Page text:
4WD or high clearance desired

37.9285024, -117.562053,741

DIRECTIONS From Tonopah, head NW on US 95 for 26.8 miles; head generally SE for 13.1 miles

In a nutshell, "Weepah was the last great mining boom in Nevada," according to Hugh Shamberger's The Story of Weepah. It created a lot of excitement, it only lasted a couple of months (March-April 1927), the use of automobiles was prevalent, and its most productive period came well after the boom, between 1935 and 1939.

As the story goes, an Indian named Dick Patterson found the gold in 1902 and told his friend, rancher James Darrough. A couple hundred people descended on the camp, but the ore disappeared after a few feet of digging and the camp was quickly abandoned. A second rush took place in January of 1908 and again fluttered out. In 1927, two young men, Frank Horton and Leonard Traynor appeared at the Tonopah Club, handing out fistfuls of ore as souvenirs. One person had his gift assayed, ad rushed back with the news that it assayed at $78,084 to the ton in gold and $96.20 in silver. Most of Tonopah lay in wait to try to follow the boys back to their find. By March 5th, it had been determined that the ore came from Weepah, and a stream of automobiles descended. The rush was on. By the end of the week, Weepah was a tent city with 150 people living here. By the second week 185 mining claims had been filed, many by amateurs that had no idea what they were doing, resulting in overlapping claims and feuding. On March 13 a guard was hired to watch over the properties to keep ore from being stolen. By the third and fourth weeks, houses were being moved in from Goldfield or from wherever they could be obtained, hot dog stands were being set up every day, saloons, gambling houses, and other businesses were popping up. A townsite was surveyed and a post office requested. Film companies headed for the site, and movies of the Weepah rush were seen all across the nation. The peak of the population was reached in April of 1927, at about 1500 ~ 2000 people. There were about sixty frame buildings. By the third month the population decreased rapidly as the amateurs left. When George Wingfield gave up trying to buy claims, most everybody left. From 1934 to 1938 an open pit silver mine and mill were operating, with about 50 miners living there. That was the end of serious mining at Weepah.

Things started off nice and slow.

A new gold strike at Lone Mountain is attracting much attention. The camp has been named Weepah, meaning "rainwater." Water will have to be hauled about six miles, as that upon the flat is nearly exhausted.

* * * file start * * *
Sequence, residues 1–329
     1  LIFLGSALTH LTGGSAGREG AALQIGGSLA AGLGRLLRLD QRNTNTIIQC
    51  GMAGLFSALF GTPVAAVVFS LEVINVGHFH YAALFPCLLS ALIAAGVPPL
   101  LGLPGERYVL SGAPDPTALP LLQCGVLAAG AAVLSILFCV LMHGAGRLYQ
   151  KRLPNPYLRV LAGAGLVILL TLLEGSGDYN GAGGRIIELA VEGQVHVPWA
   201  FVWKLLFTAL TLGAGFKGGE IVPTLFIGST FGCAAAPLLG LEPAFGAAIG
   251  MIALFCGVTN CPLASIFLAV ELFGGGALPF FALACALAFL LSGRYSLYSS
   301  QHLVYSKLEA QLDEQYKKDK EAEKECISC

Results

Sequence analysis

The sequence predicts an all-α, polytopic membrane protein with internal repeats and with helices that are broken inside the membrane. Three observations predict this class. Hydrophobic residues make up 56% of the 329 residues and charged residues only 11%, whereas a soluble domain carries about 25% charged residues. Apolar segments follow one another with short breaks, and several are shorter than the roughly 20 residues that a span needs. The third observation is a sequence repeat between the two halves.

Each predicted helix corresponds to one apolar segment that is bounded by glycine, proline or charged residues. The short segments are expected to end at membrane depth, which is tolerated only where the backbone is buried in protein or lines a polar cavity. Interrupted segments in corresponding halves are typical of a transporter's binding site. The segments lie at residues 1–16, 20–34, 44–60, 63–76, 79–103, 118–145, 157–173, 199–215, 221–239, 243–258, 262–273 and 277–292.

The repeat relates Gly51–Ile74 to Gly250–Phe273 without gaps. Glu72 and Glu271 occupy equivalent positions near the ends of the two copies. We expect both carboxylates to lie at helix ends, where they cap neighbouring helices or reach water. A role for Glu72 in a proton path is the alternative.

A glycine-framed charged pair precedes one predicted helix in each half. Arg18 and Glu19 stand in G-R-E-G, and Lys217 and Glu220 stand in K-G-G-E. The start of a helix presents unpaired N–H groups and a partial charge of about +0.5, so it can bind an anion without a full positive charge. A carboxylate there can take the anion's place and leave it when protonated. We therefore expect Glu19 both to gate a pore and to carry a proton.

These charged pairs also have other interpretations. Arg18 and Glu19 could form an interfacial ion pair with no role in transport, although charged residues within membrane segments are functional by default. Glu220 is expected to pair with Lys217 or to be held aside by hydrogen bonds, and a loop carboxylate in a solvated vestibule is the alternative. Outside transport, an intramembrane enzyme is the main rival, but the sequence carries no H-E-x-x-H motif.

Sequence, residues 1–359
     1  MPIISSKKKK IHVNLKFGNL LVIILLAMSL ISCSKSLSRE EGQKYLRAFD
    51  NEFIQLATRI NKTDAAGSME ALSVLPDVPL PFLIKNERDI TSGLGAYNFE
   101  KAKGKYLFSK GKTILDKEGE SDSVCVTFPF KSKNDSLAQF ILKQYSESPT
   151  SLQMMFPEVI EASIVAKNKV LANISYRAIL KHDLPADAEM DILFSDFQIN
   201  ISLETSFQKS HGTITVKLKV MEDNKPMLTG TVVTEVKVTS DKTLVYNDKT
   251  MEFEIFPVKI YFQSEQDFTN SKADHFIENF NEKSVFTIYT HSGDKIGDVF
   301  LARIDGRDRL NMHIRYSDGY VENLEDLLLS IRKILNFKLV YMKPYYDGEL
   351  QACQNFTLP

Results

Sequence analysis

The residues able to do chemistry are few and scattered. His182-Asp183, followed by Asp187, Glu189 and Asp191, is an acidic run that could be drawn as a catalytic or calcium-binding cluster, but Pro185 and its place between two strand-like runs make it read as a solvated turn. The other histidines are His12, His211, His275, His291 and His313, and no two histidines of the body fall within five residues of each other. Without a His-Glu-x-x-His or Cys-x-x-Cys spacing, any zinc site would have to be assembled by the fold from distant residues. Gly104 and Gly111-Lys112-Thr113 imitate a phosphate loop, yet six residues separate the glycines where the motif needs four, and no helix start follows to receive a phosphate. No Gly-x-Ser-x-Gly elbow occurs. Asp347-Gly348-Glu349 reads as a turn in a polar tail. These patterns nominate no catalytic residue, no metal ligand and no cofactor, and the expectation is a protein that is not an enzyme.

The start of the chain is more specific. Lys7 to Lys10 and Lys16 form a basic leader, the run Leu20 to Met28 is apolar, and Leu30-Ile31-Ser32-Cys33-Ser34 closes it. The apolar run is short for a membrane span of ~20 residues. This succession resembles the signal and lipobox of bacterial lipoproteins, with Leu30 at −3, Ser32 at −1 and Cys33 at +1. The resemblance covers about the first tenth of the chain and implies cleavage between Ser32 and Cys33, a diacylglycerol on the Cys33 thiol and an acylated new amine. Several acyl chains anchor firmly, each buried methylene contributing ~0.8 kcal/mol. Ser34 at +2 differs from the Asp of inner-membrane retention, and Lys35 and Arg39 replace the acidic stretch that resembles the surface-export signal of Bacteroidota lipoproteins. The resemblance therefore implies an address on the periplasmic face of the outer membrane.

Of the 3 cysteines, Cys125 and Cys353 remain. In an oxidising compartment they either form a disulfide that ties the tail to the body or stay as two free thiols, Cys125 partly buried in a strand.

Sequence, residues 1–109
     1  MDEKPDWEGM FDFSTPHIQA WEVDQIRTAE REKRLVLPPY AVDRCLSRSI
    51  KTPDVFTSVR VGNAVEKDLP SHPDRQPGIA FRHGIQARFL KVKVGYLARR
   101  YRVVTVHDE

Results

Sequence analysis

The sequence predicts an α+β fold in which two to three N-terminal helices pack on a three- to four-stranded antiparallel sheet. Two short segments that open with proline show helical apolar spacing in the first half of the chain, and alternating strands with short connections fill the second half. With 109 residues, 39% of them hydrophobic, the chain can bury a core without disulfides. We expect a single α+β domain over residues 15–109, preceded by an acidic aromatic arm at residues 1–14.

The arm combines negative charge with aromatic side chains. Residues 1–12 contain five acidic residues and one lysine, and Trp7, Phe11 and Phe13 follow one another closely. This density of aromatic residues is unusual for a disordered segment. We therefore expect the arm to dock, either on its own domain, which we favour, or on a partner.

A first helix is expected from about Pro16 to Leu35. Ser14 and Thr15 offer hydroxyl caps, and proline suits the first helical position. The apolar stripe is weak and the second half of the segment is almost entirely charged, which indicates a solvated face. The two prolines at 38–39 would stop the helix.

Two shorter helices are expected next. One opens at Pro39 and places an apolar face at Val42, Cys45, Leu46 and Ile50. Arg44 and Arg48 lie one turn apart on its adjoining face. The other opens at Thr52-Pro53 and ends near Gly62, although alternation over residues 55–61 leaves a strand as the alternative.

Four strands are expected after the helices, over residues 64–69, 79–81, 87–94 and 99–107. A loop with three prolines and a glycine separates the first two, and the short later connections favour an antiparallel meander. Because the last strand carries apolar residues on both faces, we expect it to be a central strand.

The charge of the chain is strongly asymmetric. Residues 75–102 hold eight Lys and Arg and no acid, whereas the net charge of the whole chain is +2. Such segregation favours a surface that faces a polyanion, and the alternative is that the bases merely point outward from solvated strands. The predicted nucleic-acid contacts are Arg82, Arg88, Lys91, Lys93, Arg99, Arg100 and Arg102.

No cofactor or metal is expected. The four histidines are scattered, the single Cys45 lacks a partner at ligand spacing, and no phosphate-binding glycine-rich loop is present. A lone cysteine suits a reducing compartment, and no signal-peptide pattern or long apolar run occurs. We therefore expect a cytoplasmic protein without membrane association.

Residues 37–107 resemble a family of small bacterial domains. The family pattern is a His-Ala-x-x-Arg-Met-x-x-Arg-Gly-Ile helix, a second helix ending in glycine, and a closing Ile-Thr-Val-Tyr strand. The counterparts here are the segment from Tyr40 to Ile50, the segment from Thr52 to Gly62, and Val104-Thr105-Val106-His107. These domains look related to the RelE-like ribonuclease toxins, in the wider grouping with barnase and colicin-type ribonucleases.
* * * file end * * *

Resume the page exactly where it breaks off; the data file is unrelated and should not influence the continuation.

-Tonopah Bonanza, May 3, 1902

It looked promising enough to pique the interest of those Eastern money men.

Company Has Unlimited Capital and Will Begin Operations at Once- WIll Benefit Tonopah
The Darrough group of mines at Weepah, Lone Mountain, passed from the original locator, James T. Darrough, to the Weepah Gold Mining Company, an organization composed of Eastern capitalists and incorporated under the laws of the State of Nevada.
-Tonopah Bonanza, June 14, 1902

Folks happily dug and extracted what they could.

Weepah Camp
There is at present in the camp and district a population of 100 people. The town of Weepah consists of some forty odd tents and one frame structure. In the business line they have three saloons, three restaurants, one feed yard, and one assay office.
-The Central Nevadan, July 24, 1902


Weepah Notes
The first wedding to occur in Weepah took place on the night of the 2d instant. The contracting parties were Mr. Jefferson Jones of Silver Peak and Miss Alvira Clark of Ray, Ny county. Justice Callahan came over from Candelaria to perform the ceremony.
-Walker Lake Bulletin, August 15, 1902
Right before the frantic rush

The town is a squalid little camp at the base of a low hill spreading out onto the flat. No townsite has been staked out yet, and the inhabitants have picked out their locations for their homes by using squatter's rights. Most of the inhabitants sleep in tents ranging from the small one-man dog tent to the large and spacious (20 by 10 feet) of the cook shack, store, or club room. Scattered among these outfits are the brown homes of the regular tourist or city campers, whose tents are always newer and contain many more conveniences than do those belonging to the prospector. Four frame dwellings are already on hand at the camp, which belongs to the Gold Electric Mines company. Since the camp started the majority of dwellings have been tents. During the last week or so there has been an influx of building supplies, as all the available trucks in Tonopah were brought into service, and now the frame buildings are becoming more numerous. These buildings spring up in but a few hours after the supplies arrive in camp. One of the best examples of such work is the Weepah Club, where "Hard Rock Jack" jovially greets all comers. It is a flat-roofed structure with a canvas sign bearing the words "Eats and Drinks." The material for this place was brought into camp at 1:30 Saturday afternoon. By six o'clock there were three poker games going full blast, and another famous old character of the camps, "Smiling Jack," was standing behind a short improvised bar ready to dispense cigarettes or liquid refreshments. Pouring in and out about the tables and counters is a steady stream of prospectors, miners, brokers, sight-seers, and newspaper men. The speech is rough, but the men are happy. Although there is no established law in the camp of Weepah, there is a very trustful attitude among the residents here. Stories concerning claim jumpers are sent out occasionally, but such cases are few and far between. The average man who has lived in the desert for any length of time realizes the value of helping rather than hurting the other fellow, and he lives by that rule. His tent is always open to any one who may need it or anything in it.